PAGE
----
Tips and Tricks

What is a Princess Cut Diamond? | Rare Carat

A “Princess cut” is a type of modified square or rectangularly shaped brilliant cut diamond. These diamonds may have differing numbers of facets set in a square or rectangular outline. While these diamonds may have different sizes and outlines, their straight edges allow for stones to be easily set next to each other with no empty space between them. This is great for people who want jewelry with multiple stones.

What is a brilliant cut diamond?

brilliant cutting style compared to step cut

You may be asking, what exactly is a brilliant cut stone? First invented in 1919 by Marcel Tolkowsky, the brilliant cut uses mathematics to maximize the light reflection and overall appearance of diamonds. Future cutters would build upon this initial blueprint to create new shapes which resulted in an explosion of modified brilliant cut diamond categories within which is the princess cut.

Who invented the princess cut diamond?

Specifically, the princess cut was created in 1981 by Betzalel Ambar and Israel Itskowitz. Although the princess cut alignment is accepted by the GIA as a configuration of facets, their exact number and proportions are not standardized. To achieve the most beautiful square shape, a length to width ratio of 1.0-1.05 is best. However, you will see striking rectangular shapes with many different ratios. Moreover, they may have either bezel corners, which are more durable, or can be French-tipped.

The dazzling features of the princess

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The shape


Princess cuts became popular quickly for many reasons. Firstly, their pyramidal shape with most of the weight in the pavilion maximizes how much of a raw diamond rough can be used in the final product. While Round Brilliant stones may discard up to half of the original rough, princess cuts commonly lose only twenty percent! Saving so much weight means less waste and markedly lower prices for you!

The deepness of the stone makes it appear bright, but it also means that the face-up outline of a Princess cut relative to other cuts of similar carat weight may appear to be smaller. When shopping for diamonds, be sure to view the stone from the side. You want to see a gentle angle that is straight. If the pavilion angle is bowed outwards, or seems to be thick, you may be paying extra for unnecessary carat weight.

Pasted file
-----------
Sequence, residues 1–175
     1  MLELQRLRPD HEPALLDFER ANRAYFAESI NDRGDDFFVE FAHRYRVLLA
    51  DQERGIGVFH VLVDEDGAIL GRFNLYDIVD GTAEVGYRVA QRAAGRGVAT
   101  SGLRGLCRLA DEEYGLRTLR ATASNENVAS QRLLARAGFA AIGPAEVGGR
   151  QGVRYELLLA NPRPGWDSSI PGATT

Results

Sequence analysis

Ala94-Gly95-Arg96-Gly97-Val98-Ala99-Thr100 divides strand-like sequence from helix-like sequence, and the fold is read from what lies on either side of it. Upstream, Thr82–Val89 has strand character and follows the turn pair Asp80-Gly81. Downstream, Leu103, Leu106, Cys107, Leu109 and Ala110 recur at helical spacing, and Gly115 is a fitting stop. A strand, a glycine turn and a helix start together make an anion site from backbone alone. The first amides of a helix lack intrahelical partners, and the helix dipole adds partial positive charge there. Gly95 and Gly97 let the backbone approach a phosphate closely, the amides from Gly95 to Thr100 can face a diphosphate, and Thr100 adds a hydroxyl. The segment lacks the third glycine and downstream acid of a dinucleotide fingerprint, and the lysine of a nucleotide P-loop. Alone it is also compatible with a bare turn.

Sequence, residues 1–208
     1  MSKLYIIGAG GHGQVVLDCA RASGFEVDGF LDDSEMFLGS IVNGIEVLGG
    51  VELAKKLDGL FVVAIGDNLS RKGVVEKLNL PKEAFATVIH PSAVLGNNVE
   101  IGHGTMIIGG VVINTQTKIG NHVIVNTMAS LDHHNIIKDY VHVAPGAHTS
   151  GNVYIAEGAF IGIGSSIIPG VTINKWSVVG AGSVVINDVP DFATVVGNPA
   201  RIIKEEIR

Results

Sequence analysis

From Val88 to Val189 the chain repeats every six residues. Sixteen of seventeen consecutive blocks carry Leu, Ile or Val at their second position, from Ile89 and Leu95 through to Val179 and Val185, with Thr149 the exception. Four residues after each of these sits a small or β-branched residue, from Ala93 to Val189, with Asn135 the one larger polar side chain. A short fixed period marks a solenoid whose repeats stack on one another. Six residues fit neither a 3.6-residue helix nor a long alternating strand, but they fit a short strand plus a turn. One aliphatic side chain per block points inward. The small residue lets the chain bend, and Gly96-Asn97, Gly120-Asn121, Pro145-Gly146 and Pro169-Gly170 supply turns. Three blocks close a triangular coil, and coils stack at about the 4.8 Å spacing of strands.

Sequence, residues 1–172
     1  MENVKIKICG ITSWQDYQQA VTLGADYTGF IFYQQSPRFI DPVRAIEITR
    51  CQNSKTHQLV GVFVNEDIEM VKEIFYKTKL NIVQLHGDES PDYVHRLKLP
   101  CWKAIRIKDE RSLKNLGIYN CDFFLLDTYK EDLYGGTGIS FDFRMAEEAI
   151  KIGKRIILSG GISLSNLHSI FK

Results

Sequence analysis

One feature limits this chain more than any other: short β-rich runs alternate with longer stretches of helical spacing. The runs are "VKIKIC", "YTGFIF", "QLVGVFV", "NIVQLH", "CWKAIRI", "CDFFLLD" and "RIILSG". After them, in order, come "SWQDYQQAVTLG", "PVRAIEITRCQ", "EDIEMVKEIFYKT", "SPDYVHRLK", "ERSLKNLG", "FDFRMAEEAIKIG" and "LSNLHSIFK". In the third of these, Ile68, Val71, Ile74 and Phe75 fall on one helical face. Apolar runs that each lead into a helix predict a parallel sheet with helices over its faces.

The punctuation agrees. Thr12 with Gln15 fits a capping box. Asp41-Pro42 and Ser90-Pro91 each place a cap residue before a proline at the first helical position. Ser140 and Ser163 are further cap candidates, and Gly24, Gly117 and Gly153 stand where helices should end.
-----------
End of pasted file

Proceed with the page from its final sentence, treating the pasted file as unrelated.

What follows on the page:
The optical brilliance

While no other cut can match the optical perfection of the round brilliant, well-cut princess cut stones receive high marks on the three main factors that gemologists take into account when evaluating the appearance of diamonds: brilliance (the white flashes), fire (the colored flashes), and scintillation (the overall pattern of sparkle). Generally speaking, the squarer the stone’s proportions, the better the effect. The non-standard two to four chevron-shaped facets on the pavilion of princess cuts can yield lots of different effects. Fewer chevron facets can mean brighter brilliance and fire. Conversely, more of these facets create intricate scintillation patterns. No matter which factors you are searching for, there is a unique princess cut stone that will appeal to you!

What setting is best?

Keep in mind that, like any gemstone that has corners (particularly French-tipped corners), those tips are susceptible to damage. If you are shopping for rings, it is advantageous to find a design that protects those corners using robust prongs or bezel settings. Additionally, the large face-up tables of these diamonds and complex scintillation patterns can make clarity issues (inclusions) more evident. You may want to seek out a stone that has a higher clarity grade and is considered “eye-clean”; typically, this means a clarity grade of SI1 or better.

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Finally, the deep underside of princess cut stones causes them to absorb the color of their mountings more than round brilliants will. If a white color is important to you, definitely opt for a white metal setting. However, a princess cut stone in a yellow or rose gold setting can have an appealing, soft color. If you are looking for a piece with multiple stones, it is worth taking the time to make sure that the stones are well matched in color. Remember, you have the power to create customized jewelry that is perfect for you!

A D color princess cut being compared to a J color princess cut diamond

Emily Frontiere
Emily Frontiere
Emily is a GIA Graduate Gemologist and also holds a Master's Degree in Medieval Literature. She has always loved jewelry for its dazzling allure, but her interest in the field was greatly increased when reading in school about medieval sensibilities in regards to gemstones i.e. their use as medicines or talismans.